What a buyer needs to know
An inspector that does only city properties may not be qualified to do rural. As a REALTORS®, I am expected to be knowledgeable enough to advise new owners of rural land on any number of issues that are important to their property Property inspections are a vital part of the buying process.
There is a trend of city folks flocking to the country to buy ranches with homes, barns, stables, corrals, water wells, and so on.
Let’s take an example of a couple planning to move to a 150 acre ranch. The ranch has a modest 5,000 square foot rock split level home with 4 year old septic system, indoor lap pool, 5 acre lake, hay barn, a 25 x 50 shop with septic, and 2 water wells. They will pay $1.75 million for it.
The home is 25 years old and the other improvements from 4 to 25 years. They have a 20-day option period to have the property inspected for problems and to submit repair requests to the current owner.
The buyers have insisted on calling the inspector who inspected their in-town home 10 years ago. They like him and he has become a friend. Their inspector friend may be very competent, but does he understand rural property?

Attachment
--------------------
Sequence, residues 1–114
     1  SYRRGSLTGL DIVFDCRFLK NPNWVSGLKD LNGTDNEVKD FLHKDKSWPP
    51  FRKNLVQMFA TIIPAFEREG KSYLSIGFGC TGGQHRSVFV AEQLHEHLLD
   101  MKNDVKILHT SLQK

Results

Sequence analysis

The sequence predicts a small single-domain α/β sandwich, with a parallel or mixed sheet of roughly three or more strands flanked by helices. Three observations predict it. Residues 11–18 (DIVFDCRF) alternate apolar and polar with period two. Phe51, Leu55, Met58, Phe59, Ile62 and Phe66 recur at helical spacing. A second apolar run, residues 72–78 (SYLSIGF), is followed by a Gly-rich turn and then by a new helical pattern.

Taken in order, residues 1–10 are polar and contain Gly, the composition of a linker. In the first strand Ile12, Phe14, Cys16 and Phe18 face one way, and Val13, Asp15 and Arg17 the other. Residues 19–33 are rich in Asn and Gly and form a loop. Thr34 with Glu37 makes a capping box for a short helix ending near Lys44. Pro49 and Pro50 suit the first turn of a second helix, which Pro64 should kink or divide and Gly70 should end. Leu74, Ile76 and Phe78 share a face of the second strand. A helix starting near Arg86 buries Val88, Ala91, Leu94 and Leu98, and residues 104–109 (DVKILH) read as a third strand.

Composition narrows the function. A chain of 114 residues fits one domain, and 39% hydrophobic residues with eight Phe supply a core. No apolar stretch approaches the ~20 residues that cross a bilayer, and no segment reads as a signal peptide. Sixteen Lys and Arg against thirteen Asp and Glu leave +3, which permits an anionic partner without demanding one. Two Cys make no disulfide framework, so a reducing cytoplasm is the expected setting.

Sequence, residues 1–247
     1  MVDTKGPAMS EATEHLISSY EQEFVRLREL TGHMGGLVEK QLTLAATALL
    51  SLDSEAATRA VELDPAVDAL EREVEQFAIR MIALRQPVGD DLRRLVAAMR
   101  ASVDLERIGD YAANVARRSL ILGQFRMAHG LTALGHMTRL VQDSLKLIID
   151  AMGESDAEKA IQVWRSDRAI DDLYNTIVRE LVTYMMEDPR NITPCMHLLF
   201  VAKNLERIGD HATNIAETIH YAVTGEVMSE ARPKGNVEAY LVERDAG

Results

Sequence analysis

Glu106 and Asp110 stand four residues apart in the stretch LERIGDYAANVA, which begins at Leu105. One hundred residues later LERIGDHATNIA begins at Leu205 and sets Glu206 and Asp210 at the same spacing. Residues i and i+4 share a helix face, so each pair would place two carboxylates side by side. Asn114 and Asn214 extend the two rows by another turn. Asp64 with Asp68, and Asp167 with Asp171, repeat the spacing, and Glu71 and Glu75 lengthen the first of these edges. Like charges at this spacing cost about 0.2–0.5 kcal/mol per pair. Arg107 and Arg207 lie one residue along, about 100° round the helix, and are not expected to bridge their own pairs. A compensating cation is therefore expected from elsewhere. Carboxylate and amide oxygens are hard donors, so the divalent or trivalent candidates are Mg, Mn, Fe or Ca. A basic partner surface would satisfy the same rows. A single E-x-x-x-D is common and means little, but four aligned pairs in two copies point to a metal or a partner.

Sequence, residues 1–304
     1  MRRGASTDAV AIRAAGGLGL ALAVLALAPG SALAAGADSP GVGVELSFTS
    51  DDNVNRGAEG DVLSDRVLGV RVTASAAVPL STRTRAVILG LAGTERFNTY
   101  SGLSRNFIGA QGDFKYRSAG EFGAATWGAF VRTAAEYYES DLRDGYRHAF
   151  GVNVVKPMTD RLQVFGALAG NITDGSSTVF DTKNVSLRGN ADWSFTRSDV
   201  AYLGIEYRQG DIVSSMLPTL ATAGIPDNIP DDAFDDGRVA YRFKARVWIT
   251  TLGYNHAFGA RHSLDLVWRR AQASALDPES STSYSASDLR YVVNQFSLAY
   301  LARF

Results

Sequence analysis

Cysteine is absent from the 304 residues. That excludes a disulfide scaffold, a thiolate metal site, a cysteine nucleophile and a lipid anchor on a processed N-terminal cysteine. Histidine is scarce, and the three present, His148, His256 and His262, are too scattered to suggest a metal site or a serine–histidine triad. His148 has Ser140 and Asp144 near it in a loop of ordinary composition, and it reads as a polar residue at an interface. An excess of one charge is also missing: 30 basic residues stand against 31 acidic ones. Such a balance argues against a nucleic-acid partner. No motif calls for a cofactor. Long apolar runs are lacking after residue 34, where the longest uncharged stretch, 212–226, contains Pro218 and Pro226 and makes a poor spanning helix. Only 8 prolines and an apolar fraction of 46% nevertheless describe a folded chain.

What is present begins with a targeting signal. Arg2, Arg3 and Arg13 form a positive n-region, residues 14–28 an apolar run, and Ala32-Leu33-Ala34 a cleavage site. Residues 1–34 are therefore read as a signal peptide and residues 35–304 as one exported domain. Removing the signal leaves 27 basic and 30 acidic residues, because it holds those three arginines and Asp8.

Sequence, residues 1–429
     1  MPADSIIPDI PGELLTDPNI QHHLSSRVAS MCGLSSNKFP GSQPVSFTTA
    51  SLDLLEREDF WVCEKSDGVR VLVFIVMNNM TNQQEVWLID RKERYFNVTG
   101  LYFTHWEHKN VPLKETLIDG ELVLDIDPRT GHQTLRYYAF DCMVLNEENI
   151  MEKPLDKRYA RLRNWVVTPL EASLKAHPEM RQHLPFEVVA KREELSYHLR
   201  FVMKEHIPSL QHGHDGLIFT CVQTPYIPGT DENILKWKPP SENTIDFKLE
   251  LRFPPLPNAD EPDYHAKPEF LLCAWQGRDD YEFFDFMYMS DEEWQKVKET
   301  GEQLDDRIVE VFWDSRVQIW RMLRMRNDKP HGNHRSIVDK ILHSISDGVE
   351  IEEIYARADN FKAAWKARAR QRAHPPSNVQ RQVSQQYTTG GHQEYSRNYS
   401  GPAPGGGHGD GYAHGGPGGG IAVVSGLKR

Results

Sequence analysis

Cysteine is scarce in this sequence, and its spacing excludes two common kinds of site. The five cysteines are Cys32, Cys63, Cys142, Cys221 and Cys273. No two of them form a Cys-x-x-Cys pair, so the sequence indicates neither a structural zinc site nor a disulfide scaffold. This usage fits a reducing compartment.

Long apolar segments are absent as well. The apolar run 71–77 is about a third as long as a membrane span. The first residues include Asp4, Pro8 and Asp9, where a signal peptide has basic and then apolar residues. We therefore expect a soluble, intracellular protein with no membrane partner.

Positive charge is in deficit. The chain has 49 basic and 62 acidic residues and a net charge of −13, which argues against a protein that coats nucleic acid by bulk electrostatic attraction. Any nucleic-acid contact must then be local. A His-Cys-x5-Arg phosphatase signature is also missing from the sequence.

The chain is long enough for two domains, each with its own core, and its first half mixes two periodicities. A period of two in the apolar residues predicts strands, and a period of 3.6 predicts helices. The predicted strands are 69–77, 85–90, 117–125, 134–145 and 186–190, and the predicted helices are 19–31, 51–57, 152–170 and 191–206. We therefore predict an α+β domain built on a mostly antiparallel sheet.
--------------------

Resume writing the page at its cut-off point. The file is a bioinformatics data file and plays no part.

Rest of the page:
He maybe knowledgeable with respect to the house, indoor lap pool but what about the hay barn? Does he know what to look for?
Can he verify that the septic system to the house is functional and safe? What about the septic system for the shop? What about the water and electricity systems to the shop and or hay barn?
How about the water wells, does he understand submersible pumps or water quality issues? Does he have the capability or network to test it?
Could there be fuel leakage and contamination in the hay barn or shop? Could there be e-coli (or DDT) contamination in the lake? What about other surface or even groundwater contamination from a neighbor’s water runoff? What about the previous owners’ landfills for their trash and garbage? Do they pose hazards?
Rural property inspections maybe more expensive because of the travel time. The more systems that need to be checked may significantly increase the inspection cost.
Bottom line is be prepared for that expense. Getting an inspection performed by a qualified rural inspector may help you sleep better at night.